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How Straw Bale Houses Work


Straw Bale Additions and Retrofits

Say you're interested in straw bale building, but you're already settled in your house. You can still use straw bales for additions and retrofits.

Straw bale house mid-construction
Photo courtesy StrawBale.com
Straw bale construction

Straw bale additions are accomplished by tying the addition to the existing structure. After laying each row of straw, place a lath, which is a sheet of metal mesh, over the bales and attach it with dowels or landscape pins. Then, fold the lath at a 90-degree angle and staple it to the frame of the existing house. If you've built a straw bale addition with wooden frames, then the frames can just be attached directly to the frames of the house. Plastering the addition is completed in the same way as straw bale construction.

A contractor can assist with matching up the exteriors of the house and the addition. In laying foundation for an addition, consider the thickness of both the bales and the plaster so that the finished addition will line up with the existing house.

It's possible to wrap your existing home in straw to achieve better energy efficiency. As in building a new straw bale home, the design for a retrofit must ­consider how to prevent moisture from getting into the walls. Straw bale s feature large roof overhangs to protect the walls from rain, so a retrofit may require changing the current roof of a home. This may be accomplished by changing the slope of the roof and extending it.

You may have to create a larger foundation for the house so that the foundation can support the additional width of the bales. This new portion of foundation can be attached to the existing one with epoxy (or anchor) bolts [source: Morrison]. Then, toe-ups should be built to keep the bales off the ground as they are in house construction. However, instead of stacking the bales and then plastering, as is done in straw bale construction, the bales should be dipped in an earthen-based plaster before stacking. This way, plaster is on the bales before they are set up against the home. The bales also can't be tied right up against the house because of the risk of moisture from the siding of the existing house getting into the straw bales. Use a wire netting between the house and the bales to create ventilation [source: Morrison].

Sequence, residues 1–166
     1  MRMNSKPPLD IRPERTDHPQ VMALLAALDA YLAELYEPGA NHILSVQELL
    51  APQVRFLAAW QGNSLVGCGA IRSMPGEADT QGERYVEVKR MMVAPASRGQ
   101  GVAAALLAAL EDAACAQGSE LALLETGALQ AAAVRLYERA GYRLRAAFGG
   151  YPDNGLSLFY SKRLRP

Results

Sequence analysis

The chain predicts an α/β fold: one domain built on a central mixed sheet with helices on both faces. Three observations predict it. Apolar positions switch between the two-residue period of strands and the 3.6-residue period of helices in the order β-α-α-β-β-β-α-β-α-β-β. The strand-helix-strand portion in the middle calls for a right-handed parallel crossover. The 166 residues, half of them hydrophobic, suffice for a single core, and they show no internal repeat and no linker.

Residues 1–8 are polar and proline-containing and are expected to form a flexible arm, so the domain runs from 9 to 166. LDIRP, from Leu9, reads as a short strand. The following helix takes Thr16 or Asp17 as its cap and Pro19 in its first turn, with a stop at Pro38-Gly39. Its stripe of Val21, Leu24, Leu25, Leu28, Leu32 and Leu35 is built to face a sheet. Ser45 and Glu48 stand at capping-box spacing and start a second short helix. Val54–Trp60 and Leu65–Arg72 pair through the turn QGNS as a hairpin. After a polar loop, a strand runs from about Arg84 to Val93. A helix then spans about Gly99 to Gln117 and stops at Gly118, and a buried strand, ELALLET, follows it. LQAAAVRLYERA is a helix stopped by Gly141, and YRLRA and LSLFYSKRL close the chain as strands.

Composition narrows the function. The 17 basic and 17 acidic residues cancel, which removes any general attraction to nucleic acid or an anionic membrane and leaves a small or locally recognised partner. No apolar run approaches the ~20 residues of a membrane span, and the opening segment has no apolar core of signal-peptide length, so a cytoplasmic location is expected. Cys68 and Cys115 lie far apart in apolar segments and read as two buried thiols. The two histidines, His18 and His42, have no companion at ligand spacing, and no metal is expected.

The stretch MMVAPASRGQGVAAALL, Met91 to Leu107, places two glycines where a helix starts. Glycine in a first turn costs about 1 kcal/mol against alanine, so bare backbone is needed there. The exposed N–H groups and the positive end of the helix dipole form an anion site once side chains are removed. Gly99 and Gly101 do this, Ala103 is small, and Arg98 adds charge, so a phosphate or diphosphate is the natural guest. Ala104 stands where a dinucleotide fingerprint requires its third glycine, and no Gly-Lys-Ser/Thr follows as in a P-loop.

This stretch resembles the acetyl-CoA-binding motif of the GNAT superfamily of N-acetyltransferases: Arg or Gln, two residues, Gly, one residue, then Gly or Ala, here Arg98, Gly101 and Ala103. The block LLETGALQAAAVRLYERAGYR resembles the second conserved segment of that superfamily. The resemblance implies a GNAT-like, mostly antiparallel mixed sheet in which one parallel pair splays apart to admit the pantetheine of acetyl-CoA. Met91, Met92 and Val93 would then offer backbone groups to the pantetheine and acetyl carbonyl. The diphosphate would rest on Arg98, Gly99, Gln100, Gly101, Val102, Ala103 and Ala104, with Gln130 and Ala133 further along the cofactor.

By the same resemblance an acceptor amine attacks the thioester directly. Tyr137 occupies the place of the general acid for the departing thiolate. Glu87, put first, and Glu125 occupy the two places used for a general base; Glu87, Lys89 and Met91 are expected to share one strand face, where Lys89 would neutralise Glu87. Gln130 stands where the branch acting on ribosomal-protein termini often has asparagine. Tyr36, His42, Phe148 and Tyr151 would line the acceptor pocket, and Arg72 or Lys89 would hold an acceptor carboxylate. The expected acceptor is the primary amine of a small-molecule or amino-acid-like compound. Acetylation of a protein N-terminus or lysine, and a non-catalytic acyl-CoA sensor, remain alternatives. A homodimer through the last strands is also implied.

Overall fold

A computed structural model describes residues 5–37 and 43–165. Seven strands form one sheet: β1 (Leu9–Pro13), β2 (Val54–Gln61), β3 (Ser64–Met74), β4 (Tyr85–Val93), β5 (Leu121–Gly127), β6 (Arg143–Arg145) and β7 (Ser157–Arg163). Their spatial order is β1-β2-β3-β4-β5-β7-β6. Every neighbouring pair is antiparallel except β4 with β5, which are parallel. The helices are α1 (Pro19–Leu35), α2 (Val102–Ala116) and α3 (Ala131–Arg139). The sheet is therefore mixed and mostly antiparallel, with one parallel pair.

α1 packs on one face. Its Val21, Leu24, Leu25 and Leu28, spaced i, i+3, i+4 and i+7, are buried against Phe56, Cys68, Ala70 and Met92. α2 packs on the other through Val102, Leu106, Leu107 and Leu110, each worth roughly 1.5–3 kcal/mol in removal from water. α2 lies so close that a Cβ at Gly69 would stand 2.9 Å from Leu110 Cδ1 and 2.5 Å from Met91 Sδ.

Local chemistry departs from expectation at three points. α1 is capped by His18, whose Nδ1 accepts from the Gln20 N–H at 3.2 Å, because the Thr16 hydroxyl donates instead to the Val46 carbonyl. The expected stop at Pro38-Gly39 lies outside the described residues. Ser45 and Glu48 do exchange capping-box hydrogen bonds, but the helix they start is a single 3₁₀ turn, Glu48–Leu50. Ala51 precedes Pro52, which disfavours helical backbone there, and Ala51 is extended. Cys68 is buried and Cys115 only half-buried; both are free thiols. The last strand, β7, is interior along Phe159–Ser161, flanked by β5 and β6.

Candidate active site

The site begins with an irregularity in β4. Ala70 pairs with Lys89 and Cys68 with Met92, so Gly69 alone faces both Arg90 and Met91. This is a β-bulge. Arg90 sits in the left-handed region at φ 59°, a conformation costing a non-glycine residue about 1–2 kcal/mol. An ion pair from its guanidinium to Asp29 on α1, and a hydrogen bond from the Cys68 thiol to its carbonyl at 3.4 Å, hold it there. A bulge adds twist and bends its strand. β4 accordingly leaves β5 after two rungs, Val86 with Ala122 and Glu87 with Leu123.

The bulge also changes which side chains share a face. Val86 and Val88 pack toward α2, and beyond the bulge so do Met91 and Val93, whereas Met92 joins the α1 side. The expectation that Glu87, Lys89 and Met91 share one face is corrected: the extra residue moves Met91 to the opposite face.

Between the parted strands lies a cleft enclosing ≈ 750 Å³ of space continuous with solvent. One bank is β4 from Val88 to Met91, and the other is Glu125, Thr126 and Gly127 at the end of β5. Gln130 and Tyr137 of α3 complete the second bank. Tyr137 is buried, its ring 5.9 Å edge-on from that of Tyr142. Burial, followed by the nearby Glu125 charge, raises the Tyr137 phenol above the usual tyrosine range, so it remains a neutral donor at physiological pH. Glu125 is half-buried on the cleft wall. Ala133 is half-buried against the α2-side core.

When you have bales on the outside of an existing home, you'll have to do a little work on windows and doors; otherwise, using bales 18 inches wide will set windows and doors into deep wells. You can avoid this extra work by retrofitting with the bales on the inside of the house, which is done in much the same way; however, doing so would reduce the space within the house by the width of the bales.

Although creating a larger foundation, changing your roof line or undertaking any of the other tasks necessary to incorporate straw bale construction may seem prohibitively expensive, remember to weigh those costs against the energy savings achieved over the lifetime of the house.

To learn more about straw bale construction, visit the links on the next page.